Hallmark Carehomes
Mistakes we make when talking to people living with dementia

20 April 2018

Mistakes we make when talking to people living with dementia

Spending time with the person you love should be easy. After all, you’ve known them for years, you used to share a cup of tea and a chat together in perfect comfort.

Since their dementia diagnosis, everything may have become harder. Conversations can dry up, you might struggle to find things to talk about and you may be walking on eggshells trying not to say things that will upset them. This is all perfectly normal and will be overcome.

Good conversations with those living with dementia are still possible, although you might need to work a little harder to get them to happen. Here are seven of the most common mistakes we make when talking to someone living with dementia, and how you can avoid making them when you visit your loved one.

  1. Choose the right time to talk

When the TV is blaring, people are rushing around, or your loved one’s attention is on what’s happening outside the window, the chances of a good conversation are slim. Set the scene for a good conversation by removing noise and distractions and getting their full attention before you start.

  1. Don’t be afraid

If you’re worried or scared about how the conversation will go, your body language will shout it out. Even if you are feeling apprehensive, work hard on developing positive, open body language to help them feel comfortable in your presence.

  1. Try not to over-complicate things

Asking an open question such as ‘what do you want to eat for lunch’ might not seem over complicated, but to someone living with dementia who is suddenly faced with all the choices in the world, it can be terrifying. Instead, try offering a ‘this or that’ scenario, such as “would you like a ham sandwich or soup.”

  1. Keep patient

Talking to someone living with dementia can be frustrating, but you need to take a breath and step back. The conversation may well go on for longer than you expected, but that doesn’t mean you should try to finish their sentences for them or hurry them along. Smile, relax and just listen.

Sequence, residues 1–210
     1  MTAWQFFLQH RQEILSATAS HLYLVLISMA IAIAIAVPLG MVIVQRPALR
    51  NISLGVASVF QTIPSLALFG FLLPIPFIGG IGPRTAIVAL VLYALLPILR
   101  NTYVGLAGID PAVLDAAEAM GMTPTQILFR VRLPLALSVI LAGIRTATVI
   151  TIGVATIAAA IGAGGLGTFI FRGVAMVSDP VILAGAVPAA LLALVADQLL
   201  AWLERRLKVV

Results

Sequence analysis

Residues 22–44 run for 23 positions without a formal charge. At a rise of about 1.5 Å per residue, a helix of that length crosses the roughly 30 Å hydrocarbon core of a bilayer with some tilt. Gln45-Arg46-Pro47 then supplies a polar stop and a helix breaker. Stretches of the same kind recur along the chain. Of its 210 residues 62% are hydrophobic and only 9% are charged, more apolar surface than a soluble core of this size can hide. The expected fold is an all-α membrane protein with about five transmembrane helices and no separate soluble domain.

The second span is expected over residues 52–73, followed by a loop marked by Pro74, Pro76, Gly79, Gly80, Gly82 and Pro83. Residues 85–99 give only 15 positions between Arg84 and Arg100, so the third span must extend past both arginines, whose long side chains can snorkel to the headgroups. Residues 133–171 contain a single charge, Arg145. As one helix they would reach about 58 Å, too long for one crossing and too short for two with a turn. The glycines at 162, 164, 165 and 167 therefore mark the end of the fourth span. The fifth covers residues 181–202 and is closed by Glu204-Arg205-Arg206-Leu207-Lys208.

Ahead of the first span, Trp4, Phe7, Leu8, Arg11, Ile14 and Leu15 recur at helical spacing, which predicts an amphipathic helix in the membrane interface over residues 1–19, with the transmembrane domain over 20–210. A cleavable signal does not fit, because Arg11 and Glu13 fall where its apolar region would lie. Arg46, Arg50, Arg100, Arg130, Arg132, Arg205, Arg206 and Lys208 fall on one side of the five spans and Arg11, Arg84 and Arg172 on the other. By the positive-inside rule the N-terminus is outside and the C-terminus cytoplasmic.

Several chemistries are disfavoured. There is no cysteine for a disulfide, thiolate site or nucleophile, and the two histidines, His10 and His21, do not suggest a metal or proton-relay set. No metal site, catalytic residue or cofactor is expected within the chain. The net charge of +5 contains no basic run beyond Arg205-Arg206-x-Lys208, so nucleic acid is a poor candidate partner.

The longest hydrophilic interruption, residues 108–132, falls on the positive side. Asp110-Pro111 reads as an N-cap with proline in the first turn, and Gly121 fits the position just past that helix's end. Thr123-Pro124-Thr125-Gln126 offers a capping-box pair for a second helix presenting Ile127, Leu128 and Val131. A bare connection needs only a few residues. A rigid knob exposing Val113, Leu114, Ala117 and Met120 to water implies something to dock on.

Another thing people often say in frustration to someone living with dementia is ‘don’t you remember when?’ or ‘I told you before’. It is perfectly normal to say and think these things but to someone living with dementia, this can be confusing and cause distress. Being patient in stressful situations and mindful of your loved ones feelings, can really make the difference between your relative feeling happy or sad one day.

  1. Keep emotions in check

Coming to terms with a dementia diagnosis, particularly as the condition progresses, is hard for everyone involved. If they don’t recognise you, accuse you of doing something terrible or otherwise say something hurtful, it can be difficult to put your feelings aside. But put them aside you must, because it is the disease talking, not your loved one, and being cross with them will only make things worse.

  1. Try and stick to routine

People living with dementia feel more comfortable when they can stick to a familiar routine, so arriving out of the blue at an unusual time is a recipe for disaster. Talk to caregivers about when would be a good time, and if they suffer with sundowning, try to avoid visiting in the evening.

  1. Embrace the quiet times

Sometimes we feel the need to fill every moment with inane chatter, but when you’re visiting a person living with dementia, constant talking can be confusing and worrying. If it goes quiet, learn to love the silence and just being in their company. If you feel uncomfortable, try putting on some of their favourite music, and maybe you’ll both relax a little.

Don’t be afraid to visit your loved one who is living with dementia. They are still the person you know and love inside, and even if they can’t express themselves in the way they used to, having you nearby will be a warming comfort to them. If you require any further support with communicating to your loved ones, talk to our caregivers for more advice on how to talk to them more comfortably.

Click here to find your nearest Hallmark care home.